It really is quite an interesting mystery. No, not the one presented in the pages of this miniseries – namely, who is behind the supposedly-mystical attacks and why. That could hardly be called a mystery at all, since the story acts more like a police procedural than anything else.
No, I’m referring to the mystery of why this comic would be written the way that it is – with our main characters portrayed as unlikably as possible. And I think I’ve figured it out: The writers actually hate Sherlock Holmes and Harry Houdini, and want to make sure that the rest of us do, too. Think about it – why else would they insist on writing them as though they were petulant, incompetent children? Holmes and Houdini actually even get scolded for their behavior by Houdini’s wife, Bess, at one point. Oh, how the mighty have fallen.
Some specifics are probably in order. Issue #3 opens with Holmes testing the idea that someone could be hypnotized into committing suicide. He does this in the stupidest way possible – by acting as a guinea pig, without any sort of safeguards in case it works. Seriously, the only other person with him is the hypnotist, an elderly man that couldn’t possibly have prevented Holmes from doing serious injury to himself. The writers seem to have completely forgotten Watson, as he doesn’t appear at all in this issue. I have mixed feelings on this. On the one hand, I miss him; he is Holmes’ best friend and partner, after all. On the other hand, he would probably also be a shadow of his former self.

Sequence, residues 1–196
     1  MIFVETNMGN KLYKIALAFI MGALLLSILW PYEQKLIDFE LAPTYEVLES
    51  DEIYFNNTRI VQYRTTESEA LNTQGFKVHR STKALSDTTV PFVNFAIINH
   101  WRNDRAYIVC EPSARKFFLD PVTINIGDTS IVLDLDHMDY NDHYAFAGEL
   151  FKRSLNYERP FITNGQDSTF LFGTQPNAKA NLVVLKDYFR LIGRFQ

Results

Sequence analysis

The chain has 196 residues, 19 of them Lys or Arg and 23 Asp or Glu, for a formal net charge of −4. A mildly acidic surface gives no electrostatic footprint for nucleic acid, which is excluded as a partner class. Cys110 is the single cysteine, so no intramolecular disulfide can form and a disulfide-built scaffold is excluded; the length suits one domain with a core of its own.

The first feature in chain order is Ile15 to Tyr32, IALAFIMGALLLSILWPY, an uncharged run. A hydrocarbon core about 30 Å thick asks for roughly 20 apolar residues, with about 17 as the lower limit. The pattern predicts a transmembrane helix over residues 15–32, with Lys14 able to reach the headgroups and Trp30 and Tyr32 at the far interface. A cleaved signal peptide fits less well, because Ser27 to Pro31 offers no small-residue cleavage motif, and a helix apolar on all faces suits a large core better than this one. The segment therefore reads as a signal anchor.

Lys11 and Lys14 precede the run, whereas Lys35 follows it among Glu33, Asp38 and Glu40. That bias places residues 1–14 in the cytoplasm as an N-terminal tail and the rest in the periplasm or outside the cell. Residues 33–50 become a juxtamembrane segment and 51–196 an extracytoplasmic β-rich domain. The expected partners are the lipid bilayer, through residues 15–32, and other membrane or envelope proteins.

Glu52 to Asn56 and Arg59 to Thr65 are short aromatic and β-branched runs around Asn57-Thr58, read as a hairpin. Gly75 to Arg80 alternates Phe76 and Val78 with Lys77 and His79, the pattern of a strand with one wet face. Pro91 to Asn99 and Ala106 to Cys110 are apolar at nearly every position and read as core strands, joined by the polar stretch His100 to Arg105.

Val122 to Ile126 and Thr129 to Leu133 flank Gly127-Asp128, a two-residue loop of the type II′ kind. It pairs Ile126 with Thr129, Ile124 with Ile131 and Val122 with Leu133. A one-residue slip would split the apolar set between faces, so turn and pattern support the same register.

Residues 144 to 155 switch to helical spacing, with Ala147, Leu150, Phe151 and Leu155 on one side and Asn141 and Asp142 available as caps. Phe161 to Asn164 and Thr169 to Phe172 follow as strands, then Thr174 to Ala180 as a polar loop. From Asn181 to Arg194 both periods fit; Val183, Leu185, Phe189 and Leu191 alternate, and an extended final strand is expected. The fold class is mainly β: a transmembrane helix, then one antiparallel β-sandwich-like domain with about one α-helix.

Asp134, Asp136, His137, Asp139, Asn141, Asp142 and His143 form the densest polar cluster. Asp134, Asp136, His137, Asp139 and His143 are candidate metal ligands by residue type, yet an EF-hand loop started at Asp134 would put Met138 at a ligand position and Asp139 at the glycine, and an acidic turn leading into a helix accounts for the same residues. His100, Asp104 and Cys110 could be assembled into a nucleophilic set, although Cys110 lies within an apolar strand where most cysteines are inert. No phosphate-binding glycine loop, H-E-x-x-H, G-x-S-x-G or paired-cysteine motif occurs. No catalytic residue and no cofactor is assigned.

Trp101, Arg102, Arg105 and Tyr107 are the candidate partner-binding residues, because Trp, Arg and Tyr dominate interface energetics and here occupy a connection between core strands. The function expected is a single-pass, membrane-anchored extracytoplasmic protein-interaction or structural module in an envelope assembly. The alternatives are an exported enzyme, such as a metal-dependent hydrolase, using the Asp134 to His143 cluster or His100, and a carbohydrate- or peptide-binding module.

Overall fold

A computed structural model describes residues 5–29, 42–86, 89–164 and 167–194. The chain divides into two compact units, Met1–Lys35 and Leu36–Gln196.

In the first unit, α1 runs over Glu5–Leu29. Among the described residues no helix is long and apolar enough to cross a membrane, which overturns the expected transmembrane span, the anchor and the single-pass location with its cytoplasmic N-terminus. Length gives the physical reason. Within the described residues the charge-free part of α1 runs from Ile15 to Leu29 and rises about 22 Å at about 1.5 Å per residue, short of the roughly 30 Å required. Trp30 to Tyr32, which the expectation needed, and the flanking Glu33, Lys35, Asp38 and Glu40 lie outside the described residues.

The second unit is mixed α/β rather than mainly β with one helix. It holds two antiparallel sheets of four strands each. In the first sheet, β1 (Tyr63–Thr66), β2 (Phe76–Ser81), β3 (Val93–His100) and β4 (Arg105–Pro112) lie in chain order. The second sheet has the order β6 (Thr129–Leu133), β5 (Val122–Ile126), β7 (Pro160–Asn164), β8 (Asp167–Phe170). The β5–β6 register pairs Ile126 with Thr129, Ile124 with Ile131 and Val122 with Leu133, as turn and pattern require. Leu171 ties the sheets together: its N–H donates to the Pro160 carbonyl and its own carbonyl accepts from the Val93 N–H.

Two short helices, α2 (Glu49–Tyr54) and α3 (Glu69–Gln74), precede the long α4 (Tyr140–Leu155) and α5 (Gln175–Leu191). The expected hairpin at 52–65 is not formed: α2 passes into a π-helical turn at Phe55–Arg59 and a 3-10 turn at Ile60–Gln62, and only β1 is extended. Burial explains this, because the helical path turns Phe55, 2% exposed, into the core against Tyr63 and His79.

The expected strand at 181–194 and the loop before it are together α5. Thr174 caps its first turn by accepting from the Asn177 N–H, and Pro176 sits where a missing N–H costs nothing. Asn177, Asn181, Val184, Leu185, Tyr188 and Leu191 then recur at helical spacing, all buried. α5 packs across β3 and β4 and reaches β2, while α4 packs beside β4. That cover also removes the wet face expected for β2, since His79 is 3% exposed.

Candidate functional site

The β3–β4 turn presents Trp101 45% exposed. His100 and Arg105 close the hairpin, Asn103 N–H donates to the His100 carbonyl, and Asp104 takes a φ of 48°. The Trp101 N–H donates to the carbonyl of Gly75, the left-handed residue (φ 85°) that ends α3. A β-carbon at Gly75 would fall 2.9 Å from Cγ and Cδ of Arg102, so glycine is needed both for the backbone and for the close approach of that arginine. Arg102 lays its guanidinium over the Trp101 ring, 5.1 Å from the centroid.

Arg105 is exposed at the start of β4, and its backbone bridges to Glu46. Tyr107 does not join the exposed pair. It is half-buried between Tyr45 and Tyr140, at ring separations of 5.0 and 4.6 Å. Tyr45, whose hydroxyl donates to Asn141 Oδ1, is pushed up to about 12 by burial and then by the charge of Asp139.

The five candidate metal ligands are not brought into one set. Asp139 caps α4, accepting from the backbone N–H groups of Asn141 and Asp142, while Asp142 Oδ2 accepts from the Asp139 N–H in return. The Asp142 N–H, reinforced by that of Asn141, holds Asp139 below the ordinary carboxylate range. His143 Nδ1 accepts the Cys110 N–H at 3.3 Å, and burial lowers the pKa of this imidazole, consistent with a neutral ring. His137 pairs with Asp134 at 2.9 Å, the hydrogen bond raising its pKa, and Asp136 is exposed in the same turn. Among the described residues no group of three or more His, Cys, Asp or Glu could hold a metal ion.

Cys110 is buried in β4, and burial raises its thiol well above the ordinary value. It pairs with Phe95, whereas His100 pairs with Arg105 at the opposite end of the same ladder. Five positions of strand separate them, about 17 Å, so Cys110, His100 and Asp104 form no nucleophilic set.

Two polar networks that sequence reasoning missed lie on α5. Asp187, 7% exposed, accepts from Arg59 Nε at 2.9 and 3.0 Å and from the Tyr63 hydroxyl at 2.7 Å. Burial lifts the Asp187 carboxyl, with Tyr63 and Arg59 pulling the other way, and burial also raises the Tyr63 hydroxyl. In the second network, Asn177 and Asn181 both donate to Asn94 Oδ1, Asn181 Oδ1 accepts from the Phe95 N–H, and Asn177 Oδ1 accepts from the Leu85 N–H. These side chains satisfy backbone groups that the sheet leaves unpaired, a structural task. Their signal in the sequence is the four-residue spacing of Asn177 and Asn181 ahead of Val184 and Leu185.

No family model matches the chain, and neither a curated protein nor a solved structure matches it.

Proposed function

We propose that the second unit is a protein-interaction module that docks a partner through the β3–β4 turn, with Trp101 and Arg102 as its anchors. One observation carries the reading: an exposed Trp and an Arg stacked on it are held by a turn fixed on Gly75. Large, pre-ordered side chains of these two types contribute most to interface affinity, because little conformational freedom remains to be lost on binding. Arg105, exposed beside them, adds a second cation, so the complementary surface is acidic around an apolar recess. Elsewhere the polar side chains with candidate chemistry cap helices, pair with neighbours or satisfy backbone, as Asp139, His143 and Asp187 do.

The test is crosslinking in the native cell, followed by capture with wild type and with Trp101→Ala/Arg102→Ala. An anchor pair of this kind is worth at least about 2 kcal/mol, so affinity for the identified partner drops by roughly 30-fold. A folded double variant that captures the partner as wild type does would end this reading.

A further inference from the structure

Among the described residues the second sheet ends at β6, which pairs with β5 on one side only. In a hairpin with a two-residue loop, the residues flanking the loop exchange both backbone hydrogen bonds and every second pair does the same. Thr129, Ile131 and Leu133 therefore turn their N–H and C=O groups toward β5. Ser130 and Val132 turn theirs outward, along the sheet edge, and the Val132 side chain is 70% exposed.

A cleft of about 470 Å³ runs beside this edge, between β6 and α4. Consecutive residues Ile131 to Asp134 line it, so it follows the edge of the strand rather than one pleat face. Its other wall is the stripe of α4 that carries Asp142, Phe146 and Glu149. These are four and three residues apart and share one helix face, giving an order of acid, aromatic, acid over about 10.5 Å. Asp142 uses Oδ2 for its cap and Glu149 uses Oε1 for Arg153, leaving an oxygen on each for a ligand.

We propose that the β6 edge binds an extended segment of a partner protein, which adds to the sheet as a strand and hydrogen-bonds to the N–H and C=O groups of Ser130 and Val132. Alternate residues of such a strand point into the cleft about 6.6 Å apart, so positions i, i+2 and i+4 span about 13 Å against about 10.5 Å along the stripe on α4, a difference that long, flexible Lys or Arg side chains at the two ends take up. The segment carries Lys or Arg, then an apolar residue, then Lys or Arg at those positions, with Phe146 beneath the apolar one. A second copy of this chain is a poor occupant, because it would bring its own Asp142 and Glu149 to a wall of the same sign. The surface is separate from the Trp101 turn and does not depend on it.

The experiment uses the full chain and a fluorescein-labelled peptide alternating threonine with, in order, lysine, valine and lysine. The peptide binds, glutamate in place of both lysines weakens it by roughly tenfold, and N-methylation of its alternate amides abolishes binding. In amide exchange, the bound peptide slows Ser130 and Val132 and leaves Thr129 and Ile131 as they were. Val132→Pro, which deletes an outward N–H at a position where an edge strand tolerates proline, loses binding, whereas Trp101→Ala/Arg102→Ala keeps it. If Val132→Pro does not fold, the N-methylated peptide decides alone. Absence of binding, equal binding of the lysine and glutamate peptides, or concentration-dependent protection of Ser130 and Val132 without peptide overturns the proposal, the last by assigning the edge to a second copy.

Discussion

Houdini, meanwhile, is tracking down the false leads that Roberts gave him last issue, and in doing so manages to out-do Holmes in sheer idiocy. He goes to a pub looking for Cirnoc, randomly decides that some guy who’s just sitting there is the one he’s looking for, and slaps some cuffs on him. Naturally, the man fights back, and when Houdini gets a good look at him, he realizes that he’s got the wrong guy. Good job there, Houdini.
So, to recap: Our “heroes” are morons who spend the first several pages accomplishing nothing. They do eventually manage to find the camera that was used to create the illusions in the theater, so there’s that. Lestrade shows up to remind us that he exists and to tell Houdini to cancel his next show, but Houdini is having none of it. Even Bess tries to convince him that it would be the prudent thing to do. And how does he respond? By calling his own wife a coward and going ahead with the show anyway.
Of course, it goes horribly wrong (and not just in the usual way for this comic!) when the mysterious menace strikes once more. The end of the issue is actually pretty good, so I won’t spoil it for those of you willing to slog through the beginning and middle. Personally, though, I just can’t recommend it. The characters are terrible and the story for the most part just plods along. The best thing I can say about this comic is that the art is good, but overall this series continues to disappoint. Skip it!